Nov. 18, 2015 — Democratic Sacramento Congressman Ami Bera is no stranger to close elections, and it appears he’s headed toward another in 2016.
Three years ago, Dr. Bera defeated then-Rep. Dan Lungren (R-CA-3) in a 52-48 percent win, a spread of just under 9,200 votes. His first re-election was even closer, a 1,455-vote margin against former Rep. Doug Ose (R-CA-3) who was attempting a political comeback. In both instances, Bera trailed in the Election Day vote but his strength among the early and absentee ballots, which, in California usually accounts for about half of the vote, brought him the victories.
Now, his presumptive opponent will be Sacramento County Sheriff Scott Jones (R) who officially announced his challenge to Rep. Bera as the week began. Expect this to again be a highly competitive campaign in a congressional district that hosted the most expensive 2014 campaign in the United States. The two candidates combined to spend over $9 million, and there was an additional $13 million expended from outside organizations. This, in a media market that ranks as the 20th largest in the country.
The 7th District is fully contained within Sacramento County, encompassing the eastern and southern portions of the region. In effect, this district claims virtually the entire county except for the city of Sacramento and the small delta agricultural area. It combines the Sacramento suburban area along with rich agricultural lands and contains the cities of Folsom and Elk Grove.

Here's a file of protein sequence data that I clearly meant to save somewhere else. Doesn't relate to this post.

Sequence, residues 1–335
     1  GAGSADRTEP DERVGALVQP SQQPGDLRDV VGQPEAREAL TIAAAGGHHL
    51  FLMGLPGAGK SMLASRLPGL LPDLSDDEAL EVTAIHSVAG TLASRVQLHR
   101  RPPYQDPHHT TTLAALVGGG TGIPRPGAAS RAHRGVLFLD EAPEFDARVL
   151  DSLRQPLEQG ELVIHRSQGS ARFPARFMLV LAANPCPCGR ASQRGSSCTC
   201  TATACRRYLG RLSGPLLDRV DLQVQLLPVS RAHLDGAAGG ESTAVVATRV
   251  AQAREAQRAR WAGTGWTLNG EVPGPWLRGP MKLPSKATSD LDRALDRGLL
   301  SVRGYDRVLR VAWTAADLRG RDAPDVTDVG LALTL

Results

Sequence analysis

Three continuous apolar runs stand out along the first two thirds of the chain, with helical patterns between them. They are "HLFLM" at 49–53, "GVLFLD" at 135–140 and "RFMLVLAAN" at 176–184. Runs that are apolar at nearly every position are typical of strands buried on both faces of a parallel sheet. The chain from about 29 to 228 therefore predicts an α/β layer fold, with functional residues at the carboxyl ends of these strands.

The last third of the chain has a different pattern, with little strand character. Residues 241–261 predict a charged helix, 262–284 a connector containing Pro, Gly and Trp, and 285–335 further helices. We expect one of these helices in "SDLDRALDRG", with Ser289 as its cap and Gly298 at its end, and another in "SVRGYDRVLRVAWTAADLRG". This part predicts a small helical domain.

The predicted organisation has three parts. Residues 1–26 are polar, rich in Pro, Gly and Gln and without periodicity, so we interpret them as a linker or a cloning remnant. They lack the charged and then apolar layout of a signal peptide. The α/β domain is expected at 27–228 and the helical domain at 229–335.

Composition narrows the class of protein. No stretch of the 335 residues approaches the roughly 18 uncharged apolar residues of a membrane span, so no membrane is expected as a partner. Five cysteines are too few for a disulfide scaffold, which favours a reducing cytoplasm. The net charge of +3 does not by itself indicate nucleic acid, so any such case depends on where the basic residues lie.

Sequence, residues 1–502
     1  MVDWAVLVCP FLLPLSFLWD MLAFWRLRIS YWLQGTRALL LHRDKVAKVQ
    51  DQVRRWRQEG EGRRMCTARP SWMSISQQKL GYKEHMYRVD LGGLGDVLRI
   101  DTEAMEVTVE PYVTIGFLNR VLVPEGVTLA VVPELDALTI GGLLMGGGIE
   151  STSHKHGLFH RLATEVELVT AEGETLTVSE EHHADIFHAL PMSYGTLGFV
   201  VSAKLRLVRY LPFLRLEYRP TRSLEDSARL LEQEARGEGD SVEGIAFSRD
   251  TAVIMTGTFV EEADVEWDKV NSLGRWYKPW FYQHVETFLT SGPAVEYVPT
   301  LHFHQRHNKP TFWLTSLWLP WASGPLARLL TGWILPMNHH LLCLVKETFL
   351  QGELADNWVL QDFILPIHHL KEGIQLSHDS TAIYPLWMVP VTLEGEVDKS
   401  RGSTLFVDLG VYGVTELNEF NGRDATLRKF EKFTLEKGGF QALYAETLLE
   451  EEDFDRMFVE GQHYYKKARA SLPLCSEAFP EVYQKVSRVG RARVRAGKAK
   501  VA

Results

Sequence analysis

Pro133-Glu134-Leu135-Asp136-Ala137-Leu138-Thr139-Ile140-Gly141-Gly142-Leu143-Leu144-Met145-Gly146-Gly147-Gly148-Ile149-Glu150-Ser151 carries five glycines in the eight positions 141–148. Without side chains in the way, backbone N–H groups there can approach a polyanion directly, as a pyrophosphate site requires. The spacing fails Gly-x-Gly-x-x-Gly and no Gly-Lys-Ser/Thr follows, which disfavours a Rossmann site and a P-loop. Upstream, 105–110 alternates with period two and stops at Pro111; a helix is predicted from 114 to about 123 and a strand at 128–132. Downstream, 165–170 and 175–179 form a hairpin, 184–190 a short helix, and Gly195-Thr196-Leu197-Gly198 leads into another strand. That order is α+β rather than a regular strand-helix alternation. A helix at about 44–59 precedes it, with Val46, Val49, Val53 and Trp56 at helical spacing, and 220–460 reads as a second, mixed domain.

With states allowing a greater volume of absentee balloting, elections take much longer to call. Several remain in abeyance, waiting either for final votes to arrive or an arbitrary date for which to begin counting. Many of these races are in California, where hundreds of thousands of mail ballots remain uncounted.
In the Senate, aside from the Louisiana run-off now scheduled for Dec. 6, Alaska and Virginia are not yet officially called but the outcome in both cases is clear.
In the Last Frontier, it’s just a matter of time before GOP nominee Dan Sullivan is declared the winner. Waiting to count the votes from the state’s vast outlying areas, incumbent Sen. Mark Begich (D) would have to attract almost two-thirds of the remaining ballots. With a Sullivan lead over 8,000 votes, Begich trailing for the last few weeks in polling, and the very real Republican wave that we witnessed last night, it is a sure bet that we can add this incumbent to the list of defeated Democratic senators. Continue reading >
While recent polling numbers are improving for Democrats or their allies in a number of key Senate races (North Carolina, Colorado, Louisiana, and Kansas), a look at the party’s new ad buy in congressional races capsulizes their plight in the House.